children of God, church, Gospel of Thomas, Luke, Pope Francis, Romans, something is happening, spirituality, St. Augustine, St. Paul, suffering, The Sophia Center for Spirituality, Thomas Merton
In conversations lately about spirituality or Church, I have often heard – and occasionally said myself, “It feels like something is happening…” That’s a rather bland statement that is generally followed, however, by examples of an energy that cannot be easily explained but is felt as a growing thing – where people are gathering to discuss the newly recognized convergences of science and spirituality or a discovery of something Thomas Merton said 50 years ago that now makes sense or an exploration of the Gospel of Thomas…It is the same hopeful sense that St. Augustine had almost 2,000 years ago, that God is closer to us than we are to ourselves. Wanting to participate in that nearness of God is likely what drew millions of people to the streets to see Pope Francis pass by in Washington, DC and New York City and Philadelphia. It touched people in the Congress, the United Nations Assembly and the families chosen to represent us in Philadelphia. It brought tears to the eyes of people watching those events on television as surely as if the Pope were in their living rooms. Clearly we want more of God in our lives and in our world.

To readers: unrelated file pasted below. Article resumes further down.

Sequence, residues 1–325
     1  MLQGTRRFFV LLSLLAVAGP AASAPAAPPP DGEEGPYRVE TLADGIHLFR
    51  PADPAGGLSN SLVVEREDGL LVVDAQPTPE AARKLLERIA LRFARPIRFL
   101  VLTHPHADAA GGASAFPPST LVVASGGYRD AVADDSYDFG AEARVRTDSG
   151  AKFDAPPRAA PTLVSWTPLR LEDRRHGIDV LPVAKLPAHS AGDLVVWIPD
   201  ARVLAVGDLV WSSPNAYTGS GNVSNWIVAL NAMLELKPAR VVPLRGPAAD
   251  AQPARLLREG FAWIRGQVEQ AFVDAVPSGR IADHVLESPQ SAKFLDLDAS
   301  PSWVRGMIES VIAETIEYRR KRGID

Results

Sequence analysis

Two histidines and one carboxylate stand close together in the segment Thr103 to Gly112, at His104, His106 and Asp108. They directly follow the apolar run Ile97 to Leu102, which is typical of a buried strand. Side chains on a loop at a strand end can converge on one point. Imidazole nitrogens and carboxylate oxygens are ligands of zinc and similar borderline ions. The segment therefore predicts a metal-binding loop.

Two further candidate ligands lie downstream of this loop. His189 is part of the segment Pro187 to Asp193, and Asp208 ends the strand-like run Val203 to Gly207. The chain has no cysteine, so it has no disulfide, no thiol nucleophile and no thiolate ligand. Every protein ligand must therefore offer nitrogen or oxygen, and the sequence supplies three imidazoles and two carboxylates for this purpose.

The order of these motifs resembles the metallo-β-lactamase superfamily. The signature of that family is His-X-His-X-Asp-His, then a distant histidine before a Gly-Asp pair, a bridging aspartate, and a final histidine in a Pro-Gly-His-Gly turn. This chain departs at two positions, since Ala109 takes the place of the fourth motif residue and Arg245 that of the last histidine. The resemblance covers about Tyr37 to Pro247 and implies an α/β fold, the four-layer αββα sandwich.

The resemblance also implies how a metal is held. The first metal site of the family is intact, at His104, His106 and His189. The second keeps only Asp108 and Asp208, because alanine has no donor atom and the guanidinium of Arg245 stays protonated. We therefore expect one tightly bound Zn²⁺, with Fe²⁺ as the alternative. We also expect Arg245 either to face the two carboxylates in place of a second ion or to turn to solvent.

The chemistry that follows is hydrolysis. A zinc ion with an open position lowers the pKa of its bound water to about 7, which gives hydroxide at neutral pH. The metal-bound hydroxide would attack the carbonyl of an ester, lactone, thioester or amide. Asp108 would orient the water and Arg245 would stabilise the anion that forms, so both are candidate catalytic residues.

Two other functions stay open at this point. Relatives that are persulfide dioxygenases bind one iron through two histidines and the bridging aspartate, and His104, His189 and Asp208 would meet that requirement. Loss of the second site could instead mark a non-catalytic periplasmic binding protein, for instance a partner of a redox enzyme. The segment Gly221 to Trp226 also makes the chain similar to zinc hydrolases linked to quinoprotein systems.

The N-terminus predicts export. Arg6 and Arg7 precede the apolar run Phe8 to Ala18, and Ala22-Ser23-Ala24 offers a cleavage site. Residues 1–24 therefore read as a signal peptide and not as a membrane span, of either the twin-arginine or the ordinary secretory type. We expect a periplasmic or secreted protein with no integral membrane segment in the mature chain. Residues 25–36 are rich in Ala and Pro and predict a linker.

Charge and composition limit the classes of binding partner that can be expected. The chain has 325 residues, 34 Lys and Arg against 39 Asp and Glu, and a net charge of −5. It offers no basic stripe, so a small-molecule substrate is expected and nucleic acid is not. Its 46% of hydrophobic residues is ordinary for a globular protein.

This is the same arising that I think Paul knew when he said to the Romans and to us this morning, “I consider the sufferings of the present time are as nothing compared to the glory to be revealed for us. For creation waits with eager expectation for the revelation of the children of God.” (ROM 8:18-25) I am disappointed in that text which used to say that “all of creation stands on tiptoe to see the children of God coming into their own.” Jesus knew it could happen – this bursting forth of the Kingdom of God in the world – when he compared it to a mustard seed or yeast, small and imperceptible at first but in the end the largest of all the trees or the impetus for the dough to rise to full capacity. (LK 13:18-21) Where are we now? How close to the revelation of God in our time? What are we doing to “bring it on?” Have we forgotten how to be so eager as to stand on tiptoe to see it revealed?